Crypto trading platform Mango Markets drained of more than $100 million in flash loan attack

Mango Markets — a cryptocurrency trading platform — was robbed of more than $100 million on Tuesday night after a hacker used a flash loan attack to exploit the platform. The attack is one of a series of recent high-profile thefts from platforms that have sent shockwaves through the industry.

Flash loan attacks involve hackers borrowing funds that do not require collateral, buying a significant amount of a cryptocurrency to artificially raise its price and then offloading the coins. The loan is paid back and the borrower keeps any profit.

Mango Markets took to Twitter Tuesday evening to tell users that it was investigating an incident “where a hacker was able to drain funds from Mango via... price manipulation.”

The company said it was disabling deposits and asking third parties to freeze the stolen funds. It also offered the hacker a bug bounty for the return of the funds.

Several hours later, the company confirmed that the hacker used two accounts to artificially raise the price of the MNGO coin by as much as five to ten times the original price on various exchanges in only a few minutes.

By manipulating the price of the coin, the hacker was able to borrow and withdraw Bitcoin, several U.S. dollar-pegged stablecoins and more cryptocurrency from Mango’s platform. 

“The net value extracted by the account was around $100 million equivalent at the time,” the company wrote.

Ronghui Gu, CEO of blockchain security company CertiK and a Columbia University professor, told The Record that during the flash loan attack Mango’s token grew in price from $0.038 to a peak of $0.91, allowing the hacker to borrow heavily against it. 

After the coin reached its peak, more than 2000% higher than before, Gu said the attacker used previously purchased MNGO coins as collateral to borrow more than $54 million in USDC; more than $25 million in mSOL; approximately $23 million in SOL; and $5 million in Bitcoin, among other cryptocurrencies.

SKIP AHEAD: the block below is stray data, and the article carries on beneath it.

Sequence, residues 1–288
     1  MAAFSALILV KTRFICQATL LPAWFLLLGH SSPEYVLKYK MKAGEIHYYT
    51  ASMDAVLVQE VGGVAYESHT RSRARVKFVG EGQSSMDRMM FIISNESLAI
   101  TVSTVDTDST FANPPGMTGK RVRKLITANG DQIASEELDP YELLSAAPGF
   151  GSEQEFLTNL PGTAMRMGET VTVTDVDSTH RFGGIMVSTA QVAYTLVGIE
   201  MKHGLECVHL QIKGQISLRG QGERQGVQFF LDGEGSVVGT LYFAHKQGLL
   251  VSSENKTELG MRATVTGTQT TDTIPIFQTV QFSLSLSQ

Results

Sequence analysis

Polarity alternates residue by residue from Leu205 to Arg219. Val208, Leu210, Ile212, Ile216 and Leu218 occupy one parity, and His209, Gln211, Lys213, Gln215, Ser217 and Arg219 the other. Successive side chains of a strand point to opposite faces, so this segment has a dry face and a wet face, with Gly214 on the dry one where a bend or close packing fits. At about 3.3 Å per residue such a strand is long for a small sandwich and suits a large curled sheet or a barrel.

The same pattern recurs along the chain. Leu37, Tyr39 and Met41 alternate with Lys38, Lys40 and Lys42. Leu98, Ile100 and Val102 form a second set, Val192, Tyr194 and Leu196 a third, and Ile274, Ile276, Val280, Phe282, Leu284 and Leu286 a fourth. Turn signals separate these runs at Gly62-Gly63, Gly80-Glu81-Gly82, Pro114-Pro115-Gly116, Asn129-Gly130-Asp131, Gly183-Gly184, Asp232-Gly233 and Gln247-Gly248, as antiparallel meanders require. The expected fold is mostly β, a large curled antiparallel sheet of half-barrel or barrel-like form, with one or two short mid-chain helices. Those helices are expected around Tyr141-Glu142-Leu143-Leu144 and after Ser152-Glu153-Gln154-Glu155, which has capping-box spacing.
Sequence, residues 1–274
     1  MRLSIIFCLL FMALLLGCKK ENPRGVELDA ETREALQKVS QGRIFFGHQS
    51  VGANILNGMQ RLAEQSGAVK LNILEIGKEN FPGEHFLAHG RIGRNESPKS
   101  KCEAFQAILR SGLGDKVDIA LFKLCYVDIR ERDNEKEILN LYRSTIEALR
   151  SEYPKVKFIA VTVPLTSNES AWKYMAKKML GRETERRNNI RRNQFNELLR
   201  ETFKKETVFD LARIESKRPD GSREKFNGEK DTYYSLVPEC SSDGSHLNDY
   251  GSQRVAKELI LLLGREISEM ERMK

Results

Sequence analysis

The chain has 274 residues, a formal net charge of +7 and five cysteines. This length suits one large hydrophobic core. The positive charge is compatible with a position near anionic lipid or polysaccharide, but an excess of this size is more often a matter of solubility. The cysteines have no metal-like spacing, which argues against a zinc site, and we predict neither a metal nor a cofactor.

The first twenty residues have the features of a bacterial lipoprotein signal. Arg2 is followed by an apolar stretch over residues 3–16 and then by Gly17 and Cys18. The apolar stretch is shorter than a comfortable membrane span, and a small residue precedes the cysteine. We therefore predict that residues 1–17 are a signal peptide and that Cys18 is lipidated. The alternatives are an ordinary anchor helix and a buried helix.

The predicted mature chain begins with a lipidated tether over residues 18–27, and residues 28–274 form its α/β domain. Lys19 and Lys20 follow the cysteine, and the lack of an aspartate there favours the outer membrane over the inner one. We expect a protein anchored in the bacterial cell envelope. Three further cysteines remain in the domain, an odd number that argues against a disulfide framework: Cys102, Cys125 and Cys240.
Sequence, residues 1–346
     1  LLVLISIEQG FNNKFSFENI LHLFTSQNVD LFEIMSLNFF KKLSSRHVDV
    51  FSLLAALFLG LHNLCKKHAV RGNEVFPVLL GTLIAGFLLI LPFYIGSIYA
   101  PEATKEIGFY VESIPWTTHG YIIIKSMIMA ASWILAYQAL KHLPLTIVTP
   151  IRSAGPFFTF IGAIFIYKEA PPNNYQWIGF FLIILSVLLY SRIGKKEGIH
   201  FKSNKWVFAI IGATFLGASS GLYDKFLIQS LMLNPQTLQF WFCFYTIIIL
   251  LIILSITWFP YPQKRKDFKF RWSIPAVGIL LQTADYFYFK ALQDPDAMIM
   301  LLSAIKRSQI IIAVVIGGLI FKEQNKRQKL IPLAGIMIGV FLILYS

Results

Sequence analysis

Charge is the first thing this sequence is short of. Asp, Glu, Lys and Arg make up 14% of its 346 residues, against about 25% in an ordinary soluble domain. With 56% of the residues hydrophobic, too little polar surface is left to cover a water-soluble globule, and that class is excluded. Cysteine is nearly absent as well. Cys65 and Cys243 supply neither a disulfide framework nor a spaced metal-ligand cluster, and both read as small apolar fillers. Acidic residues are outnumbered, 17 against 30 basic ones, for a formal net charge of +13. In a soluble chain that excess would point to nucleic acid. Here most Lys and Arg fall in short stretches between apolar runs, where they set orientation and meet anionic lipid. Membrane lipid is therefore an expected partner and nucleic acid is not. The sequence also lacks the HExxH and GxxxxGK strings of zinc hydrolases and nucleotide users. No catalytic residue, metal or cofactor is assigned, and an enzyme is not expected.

Customers on the platform are not able to withdraw any assets because the hack “effectively resulted in a total draining of all equity available,” leaving the platform insolvent, Gu said.

The hacker allegedly contacted Mango Markets and expressed a “willingness to negotiate,” according to the company. 

“We believe the most constructive way to approach this is to continue communicating with those responsible for the incident and in control of the funds removed from the protocol to attempt to resolve the issues amicably,” they said. 

As Gu pointed out, this exact attack vector was raised in Mango’s Discord channel back in March of 2022.

“The vulnerability here stemmed from the thin liquidity on the MNGO/USDC market, which was used as the price reference for the MNGO perpetual swap. With only a few million USDC at their disposal, the attacker was able to pump the price of MNGO,” he explained.

The hacker behind the incident publicly reached out to the Mango community and offered a compromise on the company’s forum.

They proposed returning much of the stolen funds, repaying users who lost out and getting a bug bounty through Mango’s insurance fund. 

“By voting for this proposal, mango token holders agree to pay this bounty and pay off the bad debt with the treasury, and waive any potential claims against accounts with bad debt, and will not pursue any criminal investigations or freezing of funds once the tokens are sent back as described above," the hacker said. 

Gu said that the account appears to be genuine and linked to the stolen funds. “It remains to be seen how Mango’s governance will react to this offer, and whether the insurance fund will come into play to cover some of the losses,” Gu said. 


Mango did not respond to requests for comment about the proposal and whether they agree with what is being offered. 

The attack on Mango is the latest in a string of $100 million cryptocurrency hacks to take place this year. 

Just last week, the world’s largest cryptocurrency exchange Binance lost at least $100 million in a hack. Blockchain company Harmony said $100 million in cryptocurrency was stolen from the platform in June.

In March, more than $600 million was stolen from the Ronin Network following a $322 million hack of the Wormhole cryptocurrency platform in February. 

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Jonathan Greig

Jonathan Greig

is a Breaking News Reporter at Recorded Future News. Jonathan has worked across the globe as a journalist since 2014. Before moving back to New York City, he worked for news outlets in South Africa, Jordan and Cambodia. He previously covered cybersecurity at ZDNet and TechRepublic.